BSP sees bigger dollar deficit in 2022, adding pressure on peso

Ramon Royandoyan - Philstar.com
BSP sees bigger dollar deficit in 2022, adding pressure on peso
Foreign reserves are assets held mostly as investments in foreign-issued securities, gold as well as foreign currencies like dollar and euro. Being the lender of last resort, the BSP manages reserves as a stand-by fund to help the economy stay afloat in times of external shocks.
STAR / File

MANILA, Philippines — The Philippines will likely end the year with a larger dollar deficit compared to initial forecasts, as a yawning trade gap and external headwinds continue to drive outflows, Bangko Sentral ng Pilipinas reported Friday.

In an update to its projections, the BSP said it now forecasts the country’s balance of payments (BOP) to post a deficit of $8.4 billion this year, bigger than the previous prediction of a $6.3 billion gap back in June.

BOP is a summary of the economic transactions of a country with the rest of the world for a specific period. If realized, the BSP latest prediction would reverse the $1.3 billion BOP surplus recorded last year.

A BOP deficit happens when more funds left the country against those that left while a surplus occurs when the reverse happens. In this case, the BSP said dollars are leaving the country amid rising imports meant to satisfy improving domestic demand as the economy reopens. This, while exports are predicted to grow at a slower pace this year.

Apart from worsening trade imbalance, the BSP said external risks like rising interest rates in developed nations and a looming global economic slowdown could also drive dollar outflows.

Already, the BSP said the country’s dollar reserves, which serve as buffer against external shocks, would likely end the year at $99 billion, equivalent to 7.5 months of import cover and lower than 2021’s level of $108.8 billion.

“The emerging BOP outlook over the near term remains subdued as external risks have intensified relative to the last forecast round in June 2022,” the central bank said in a statement.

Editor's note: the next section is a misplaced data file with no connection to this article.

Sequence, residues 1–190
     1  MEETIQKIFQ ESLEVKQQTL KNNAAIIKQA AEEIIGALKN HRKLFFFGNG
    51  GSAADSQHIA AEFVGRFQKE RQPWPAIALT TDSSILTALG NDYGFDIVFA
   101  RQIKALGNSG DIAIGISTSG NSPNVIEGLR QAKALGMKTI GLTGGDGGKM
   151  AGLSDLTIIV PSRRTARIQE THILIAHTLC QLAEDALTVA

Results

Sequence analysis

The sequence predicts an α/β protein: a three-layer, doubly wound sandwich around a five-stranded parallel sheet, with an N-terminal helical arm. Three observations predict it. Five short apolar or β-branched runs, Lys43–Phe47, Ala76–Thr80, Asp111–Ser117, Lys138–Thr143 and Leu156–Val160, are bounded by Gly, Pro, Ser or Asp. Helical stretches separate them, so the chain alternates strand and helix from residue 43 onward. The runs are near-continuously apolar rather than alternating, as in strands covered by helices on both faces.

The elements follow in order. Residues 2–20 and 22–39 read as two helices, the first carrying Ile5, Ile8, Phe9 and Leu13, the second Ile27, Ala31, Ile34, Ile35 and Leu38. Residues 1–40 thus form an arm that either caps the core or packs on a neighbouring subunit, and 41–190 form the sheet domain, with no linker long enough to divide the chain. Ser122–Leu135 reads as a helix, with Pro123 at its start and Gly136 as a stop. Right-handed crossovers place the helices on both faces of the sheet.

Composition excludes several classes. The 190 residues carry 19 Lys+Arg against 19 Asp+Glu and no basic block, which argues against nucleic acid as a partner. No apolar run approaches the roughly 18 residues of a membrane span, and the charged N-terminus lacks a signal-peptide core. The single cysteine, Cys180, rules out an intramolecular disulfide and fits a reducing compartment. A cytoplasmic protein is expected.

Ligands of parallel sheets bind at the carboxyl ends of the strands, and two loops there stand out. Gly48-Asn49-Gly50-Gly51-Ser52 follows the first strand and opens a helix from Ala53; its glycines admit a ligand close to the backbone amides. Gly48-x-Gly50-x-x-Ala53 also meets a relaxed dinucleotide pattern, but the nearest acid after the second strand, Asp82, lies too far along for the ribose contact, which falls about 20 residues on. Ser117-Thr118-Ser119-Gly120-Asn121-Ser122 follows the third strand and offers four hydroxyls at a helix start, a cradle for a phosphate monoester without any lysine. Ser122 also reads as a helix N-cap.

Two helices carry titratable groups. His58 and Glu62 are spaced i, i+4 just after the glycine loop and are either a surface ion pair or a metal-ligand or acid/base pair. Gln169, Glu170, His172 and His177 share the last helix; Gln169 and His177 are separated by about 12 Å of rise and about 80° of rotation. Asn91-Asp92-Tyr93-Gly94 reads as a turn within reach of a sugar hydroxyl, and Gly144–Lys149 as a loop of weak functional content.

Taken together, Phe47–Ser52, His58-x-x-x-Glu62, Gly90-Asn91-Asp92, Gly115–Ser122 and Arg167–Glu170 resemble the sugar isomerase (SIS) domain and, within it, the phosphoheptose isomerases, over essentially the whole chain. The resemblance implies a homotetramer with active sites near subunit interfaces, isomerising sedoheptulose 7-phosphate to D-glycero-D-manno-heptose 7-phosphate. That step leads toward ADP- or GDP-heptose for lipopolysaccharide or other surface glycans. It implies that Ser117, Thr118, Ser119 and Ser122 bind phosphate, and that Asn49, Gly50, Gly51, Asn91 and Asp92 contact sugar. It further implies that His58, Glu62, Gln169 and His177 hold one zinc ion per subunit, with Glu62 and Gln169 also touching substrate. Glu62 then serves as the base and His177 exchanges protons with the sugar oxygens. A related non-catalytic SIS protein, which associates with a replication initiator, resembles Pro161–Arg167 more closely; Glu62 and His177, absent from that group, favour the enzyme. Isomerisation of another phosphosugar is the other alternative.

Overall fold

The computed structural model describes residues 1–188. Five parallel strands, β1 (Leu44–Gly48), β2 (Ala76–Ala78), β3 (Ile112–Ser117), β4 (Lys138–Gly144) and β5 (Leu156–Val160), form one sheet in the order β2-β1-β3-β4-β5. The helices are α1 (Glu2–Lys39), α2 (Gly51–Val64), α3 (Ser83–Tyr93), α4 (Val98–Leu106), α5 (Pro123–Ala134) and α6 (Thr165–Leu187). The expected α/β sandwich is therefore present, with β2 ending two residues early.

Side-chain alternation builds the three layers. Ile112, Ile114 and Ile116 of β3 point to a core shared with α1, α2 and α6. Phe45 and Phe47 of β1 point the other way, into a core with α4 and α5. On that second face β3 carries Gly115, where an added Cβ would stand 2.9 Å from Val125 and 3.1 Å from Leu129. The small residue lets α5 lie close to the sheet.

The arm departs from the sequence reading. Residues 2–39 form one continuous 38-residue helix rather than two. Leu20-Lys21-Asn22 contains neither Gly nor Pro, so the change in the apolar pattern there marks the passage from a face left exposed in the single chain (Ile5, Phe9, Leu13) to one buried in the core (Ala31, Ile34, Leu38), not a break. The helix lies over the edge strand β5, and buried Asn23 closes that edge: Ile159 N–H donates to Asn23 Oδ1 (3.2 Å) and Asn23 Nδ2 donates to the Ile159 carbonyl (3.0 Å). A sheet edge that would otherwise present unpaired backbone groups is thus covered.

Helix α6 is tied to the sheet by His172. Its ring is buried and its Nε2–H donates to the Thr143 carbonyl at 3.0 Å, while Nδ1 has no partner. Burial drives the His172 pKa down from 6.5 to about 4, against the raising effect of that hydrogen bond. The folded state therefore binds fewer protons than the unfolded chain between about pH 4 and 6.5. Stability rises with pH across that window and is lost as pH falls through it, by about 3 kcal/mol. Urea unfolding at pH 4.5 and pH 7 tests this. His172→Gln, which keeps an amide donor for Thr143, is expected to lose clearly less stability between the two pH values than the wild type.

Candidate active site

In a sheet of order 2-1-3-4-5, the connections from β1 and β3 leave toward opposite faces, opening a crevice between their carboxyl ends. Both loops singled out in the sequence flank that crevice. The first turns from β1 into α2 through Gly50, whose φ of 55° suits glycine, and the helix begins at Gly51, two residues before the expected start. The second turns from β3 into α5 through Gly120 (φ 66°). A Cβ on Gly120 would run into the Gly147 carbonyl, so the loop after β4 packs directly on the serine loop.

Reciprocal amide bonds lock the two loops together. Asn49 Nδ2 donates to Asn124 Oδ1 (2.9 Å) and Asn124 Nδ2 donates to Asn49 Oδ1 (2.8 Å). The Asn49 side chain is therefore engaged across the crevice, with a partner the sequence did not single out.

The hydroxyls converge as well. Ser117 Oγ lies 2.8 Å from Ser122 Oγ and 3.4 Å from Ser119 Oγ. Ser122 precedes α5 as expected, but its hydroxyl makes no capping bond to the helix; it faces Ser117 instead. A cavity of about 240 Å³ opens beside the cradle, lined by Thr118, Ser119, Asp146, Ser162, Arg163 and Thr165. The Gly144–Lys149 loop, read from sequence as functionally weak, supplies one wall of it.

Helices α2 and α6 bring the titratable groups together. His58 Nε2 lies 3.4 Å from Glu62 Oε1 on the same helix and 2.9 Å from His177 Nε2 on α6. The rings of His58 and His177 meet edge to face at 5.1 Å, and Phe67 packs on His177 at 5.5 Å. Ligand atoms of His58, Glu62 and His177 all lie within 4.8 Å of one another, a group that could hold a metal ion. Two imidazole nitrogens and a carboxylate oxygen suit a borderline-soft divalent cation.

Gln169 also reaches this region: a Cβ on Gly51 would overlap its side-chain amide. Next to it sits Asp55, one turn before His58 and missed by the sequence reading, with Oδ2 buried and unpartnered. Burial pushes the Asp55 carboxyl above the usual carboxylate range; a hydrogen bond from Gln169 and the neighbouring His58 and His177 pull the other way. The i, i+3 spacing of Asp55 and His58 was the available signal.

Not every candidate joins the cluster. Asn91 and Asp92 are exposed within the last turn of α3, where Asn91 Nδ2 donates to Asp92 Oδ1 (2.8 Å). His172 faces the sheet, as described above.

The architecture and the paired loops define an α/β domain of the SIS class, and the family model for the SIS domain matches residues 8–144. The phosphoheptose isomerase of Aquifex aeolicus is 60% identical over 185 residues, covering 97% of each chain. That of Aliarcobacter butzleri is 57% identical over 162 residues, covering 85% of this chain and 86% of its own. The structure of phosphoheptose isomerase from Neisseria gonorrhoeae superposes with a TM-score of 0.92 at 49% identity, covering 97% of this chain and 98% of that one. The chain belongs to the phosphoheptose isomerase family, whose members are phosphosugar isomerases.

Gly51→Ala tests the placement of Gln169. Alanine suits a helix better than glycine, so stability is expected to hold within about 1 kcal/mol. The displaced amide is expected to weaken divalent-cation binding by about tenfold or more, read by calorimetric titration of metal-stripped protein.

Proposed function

“These risks of further downward revision in global growth prospects, record-high inflation print worldwide, more aggressive monetary policy tightening by major central banks, continued economic slump in China, and lingering Ukraine-Russia conflict, among others, are expected to broadly weaken global demand conditions, and hence, the country’s external sector,” it added.

For this year, the BSP expects goods import to surge 20% annually, higher than its old projection of 18% growth. Exports, meanwhile, are seen growing 4% year-on-year in 2021, lower than the central bank’s previous forecast of 7% annual expansion as stubbornly high inflation and slow economic growth in China, a major trading partner, hurt demand for Philippine products.

More weakness for the peso

Sought for comment, Domini Velasquez, chief economist at China Banking Corp., said the Philippines’ weakening external position could add pressure to the peso, which has sunk to record-lows in the past few weeks as an aggressive US Federal Reserve stoke capital flight from emerging economies. 

“The worsening balance of payments position will continue to put pressure on the value of the peso. However, the fall will somewhat be mitigated by aggressive tightening of the BSP and if it utilizes its international reserves to intervene in rapid peso depreciation,” she said in a Viber message. 

“But uncertainties in the external environment remains to be a risk. Much weaker demand in advanced economies will take a toll on the country’s external inflows, e.g. exports, FDI, remittances,” Velasquez added. 

The BSP kept its forecast on remittances from overseas Filipinos to grow 4% this year and the next, owing to greater deployment as restrictions worldwide continue to relax. 

BPO receipts are expected to improve by 9% this year, which the BSP credits to peso’s depreciation and easing restrictions. 

Meanwhile, tourism receipts are expected to finish the year with a whopping 250% growth on the back of low-base effects and loose travel restrictions everywhere. 

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